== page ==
A Chinese police officer in front of the portrait of Nationalist founder Sun Yat-sen at Tiananmen Square in Beijing, China, on April 28, 2020.

Lintao Zhang/Getty Images

China delayed the release of critical information about its coronavirus outbreak, a new AP investigation revealed.

Chinese authorities took several days to alert the World Health Organization about an initial cluster of cases and waited more than a week before releasing the virus’ genome to the public.

That likely stalled the development of vaccines, drugs, and diagnostic tests.

Visit Business Insider’s homepage for more stories.

When China reported the emergency of a new coronavirus to the World Health Organization on January 3, it at first seemed to be rectifying mistakes made during the SARS outbreak in 2003.

Back then, it took Chinese officials three months to notify the WHO about a “strange contagious disease” that by that point already killed 100 people. This time, Chinese officials claimed to have quickly identified the virus, sequenced its genome, and shared that information with the world.

“The Chinese government is to be congratulated for the extraordinary measures it has taken to contain the outbreak,” Tedros Ghebreyesus, the WHO Director-General, said at a press conference on January 30. “In many ways, China is actually setting a new standard for outbreak response.”

But a new investigation from the Associated Press revealed that China delayed the release of critical information, including the discovery of the initial outbreak and the country’s first death, for several days. China also took more than a week to release virus’ genome to the public. Those actions likely stalled the development of vaccines, drugs, and diagnostic tests.

A January recording obtained by the AP shows that Michael Ryan, executive director the WHO’s Health Emergencies Program, compared China’s response to its handling of SARS. 

“This is exactly the same scenario, endlessly trying to get updates from China about what was going on,” Ryan  said to colleagues, according to the AP. “WHO barely got out of that one with its neck intact given the issues that arose around transparency in southern China.”

Story continues

Here’s what we know about the actual timeline of the outbreak’s beginning, and how that compares to China’s account.

Authorities in Wuhan reported more than 40 cases of an unknown, pneumonia-like illness to the World Health Organization on January 3.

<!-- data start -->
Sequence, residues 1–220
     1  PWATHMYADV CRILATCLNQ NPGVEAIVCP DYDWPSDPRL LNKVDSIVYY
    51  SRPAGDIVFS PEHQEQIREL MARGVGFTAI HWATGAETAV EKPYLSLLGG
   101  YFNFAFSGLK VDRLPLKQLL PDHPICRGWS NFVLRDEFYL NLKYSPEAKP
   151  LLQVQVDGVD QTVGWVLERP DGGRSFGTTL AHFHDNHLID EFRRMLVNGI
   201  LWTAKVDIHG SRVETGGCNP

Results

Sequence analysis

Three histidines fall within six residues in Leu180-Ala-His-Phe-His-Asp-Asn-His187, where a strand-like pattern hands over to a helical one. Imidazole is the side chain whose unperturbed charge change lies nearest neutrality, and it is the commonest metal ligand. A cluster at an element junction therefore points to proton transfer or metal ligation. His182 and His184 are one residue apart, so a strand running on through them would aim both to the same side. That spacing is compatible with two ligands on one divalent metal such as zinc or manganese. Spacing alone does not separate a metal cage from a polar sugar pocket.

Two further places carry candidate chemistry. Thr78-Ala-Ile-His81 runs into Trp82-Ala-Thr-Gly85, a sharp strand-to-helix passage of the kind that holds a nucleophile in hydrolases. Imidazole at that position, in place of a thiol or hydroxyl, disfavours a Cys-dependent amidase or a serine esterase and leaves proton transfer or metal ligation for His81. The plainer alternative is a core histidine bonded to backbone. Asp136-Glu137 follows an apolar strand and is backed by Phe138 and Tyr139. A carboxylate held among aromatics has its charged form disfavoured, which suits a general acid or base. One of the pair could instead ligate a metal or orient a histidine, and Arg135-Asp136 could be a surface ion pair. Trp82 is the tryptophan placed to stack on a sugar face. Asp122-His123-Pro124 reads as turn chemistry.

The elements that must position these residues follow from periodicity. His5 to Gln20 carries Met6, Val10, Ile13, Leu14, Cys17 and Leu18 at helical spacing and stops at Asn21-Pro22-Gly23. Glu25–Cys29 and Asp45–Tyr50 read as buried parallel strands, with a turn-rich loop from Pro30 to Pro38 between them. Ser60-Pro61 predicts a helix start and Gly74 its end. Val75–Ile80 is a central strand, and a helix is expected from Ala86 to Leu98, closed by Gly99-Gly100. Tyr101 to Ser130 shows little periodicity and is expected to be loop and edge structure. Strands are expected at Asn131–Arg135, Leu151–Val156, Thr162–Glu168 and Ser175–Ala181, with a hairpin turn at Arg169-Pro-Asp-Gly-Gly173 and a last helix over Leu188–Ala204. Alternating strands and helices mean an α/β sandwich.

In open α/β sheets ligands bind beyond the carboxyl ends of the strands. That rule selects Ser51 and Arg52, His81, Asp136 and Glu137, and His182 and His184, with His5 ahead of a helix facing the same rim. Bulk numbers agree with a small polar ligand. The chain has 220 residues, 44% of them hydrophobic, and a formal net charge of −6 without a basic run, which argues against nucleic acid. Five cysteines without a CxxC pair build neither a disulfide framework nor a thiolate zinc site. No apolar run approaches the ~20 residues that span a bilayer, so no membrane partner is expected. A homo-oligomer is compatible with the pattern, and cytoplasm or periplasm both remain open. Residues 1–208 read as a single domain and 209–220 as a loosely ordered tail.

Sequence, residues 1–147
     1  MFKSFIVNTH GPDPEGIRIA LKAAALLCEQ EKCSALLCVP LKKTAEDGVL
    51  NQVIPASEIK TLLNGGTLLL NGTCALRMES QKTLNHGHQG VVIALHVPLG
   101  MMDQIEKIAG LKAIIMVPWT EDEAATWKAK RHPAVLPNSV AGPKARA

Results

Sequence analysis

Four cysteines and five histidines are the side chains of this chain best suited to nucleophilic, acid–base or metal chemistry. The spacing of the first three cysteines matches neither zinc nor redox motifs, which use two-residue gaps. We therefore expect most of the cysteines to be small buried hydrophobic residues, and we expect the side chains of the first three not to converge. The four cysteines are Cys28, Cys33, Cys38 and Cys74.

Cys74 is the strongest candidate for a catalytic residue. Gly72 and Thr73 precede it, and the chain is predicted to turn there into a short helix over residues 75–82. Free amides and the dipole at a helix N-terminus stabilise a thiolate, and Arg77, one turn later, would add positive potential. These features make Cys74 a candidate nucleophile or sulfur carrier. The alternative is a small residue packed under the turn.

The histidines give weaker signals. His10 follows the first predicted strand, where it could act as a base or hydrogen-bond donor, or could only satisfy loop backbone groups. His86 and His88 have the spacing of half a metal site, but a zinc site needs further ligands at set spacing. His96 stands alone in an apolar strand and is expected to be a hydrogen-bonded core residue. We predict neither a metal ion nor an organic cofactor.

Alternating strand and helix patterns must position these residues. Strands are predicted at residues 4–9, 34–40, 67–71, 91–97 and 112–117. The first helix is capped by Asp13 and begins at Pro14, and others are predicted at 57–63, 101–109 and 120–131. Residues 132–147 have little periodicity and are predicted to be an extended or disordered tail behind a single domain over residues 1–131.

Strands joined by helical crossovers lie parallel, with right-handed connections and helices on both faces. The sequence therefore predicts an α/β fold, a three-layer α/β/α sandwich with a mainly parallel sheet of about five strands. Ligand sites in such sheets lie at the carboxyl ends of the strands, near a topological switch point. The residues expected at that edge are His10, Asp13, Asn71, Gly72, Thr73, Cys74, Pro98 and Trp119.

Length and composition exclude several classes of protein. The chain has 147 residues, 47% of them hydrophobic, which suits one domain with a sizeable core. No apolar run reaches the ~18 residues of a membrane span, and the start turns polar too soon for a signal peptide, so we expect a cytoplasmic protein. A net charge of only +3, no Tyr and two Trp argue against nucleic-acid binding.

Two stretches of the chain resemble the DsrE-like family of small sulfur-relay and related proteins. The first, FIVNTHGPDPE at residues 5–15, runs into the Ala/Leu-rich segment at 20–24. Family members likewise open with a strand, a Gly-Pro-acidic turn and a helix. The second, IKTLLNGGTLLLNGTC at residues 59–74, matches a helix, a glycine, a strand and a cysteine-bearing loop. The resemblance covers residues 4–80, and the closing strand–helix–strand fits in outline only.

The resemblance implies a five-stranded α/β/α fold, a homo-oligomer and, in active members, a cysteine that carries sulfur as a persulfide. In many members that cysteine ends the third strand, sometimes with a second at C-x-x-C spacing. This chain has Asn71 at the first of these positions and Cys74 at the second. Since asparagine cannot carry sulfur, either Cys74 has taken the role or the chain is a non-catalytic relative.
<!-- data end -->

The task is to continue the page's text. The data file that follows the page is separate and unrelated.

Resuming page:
A woman wearing a protective mask walks across the Yangtze River Bridge in Wuhan, China, on January 27, 2020.

Getty Images

Chinese officials said 11 patients were severely ill, while the remaining 33 patients were in stable condition. 

But Wuhan health officials had sent an emergency notice to hospitals four days earlier, on December 30.


The notice, which leaked on social media, asked doctors to report unusual cases of pneumonia. On December 31, the Wuhan Municipal Health Commission reported 27 cases of pneumonia with an unknown cause on its website.

Chinese ophthalmologist Li Wenliang also warned fellow doctors about a possible disease outbreak resembling SARS on December 30.

Dr. Li Wenliang.

AP Photo

A few days later, Chinese officials summoned Li to the Public Security Bureau in Wuhan. He was detained for “publishing untrue statements on the internet” and forced to sign a statement saying that he had “seriously disrupted the social order.” 

Li later contracted the coronavirus himself. He died on February 7 at age 33. 

The WHO first learned about the virus through an open-source platform on December 31, the AP reported.

WHO Director General Tedros Adhanom Ghebreyesus during a news briefing on COVID-19 from WHO headquarters in Geneva on April 6, 2020.

AFP via Getty Images

The organization requested more information from China on January 1. Chinese authorities responded 48 hours later.

“It’s obvious that we could have saved more lives and avoided many, many deaths if China and the WHO had acted faster,” Ali Mokdad, a professor at the Institute for Health Metrics and Evaluation at the University of Washington, told the AP. 

Research suggests the first coronavirus patient may have been exposed on December 1, more than a month before Chinese authorities publicly confirmed a case.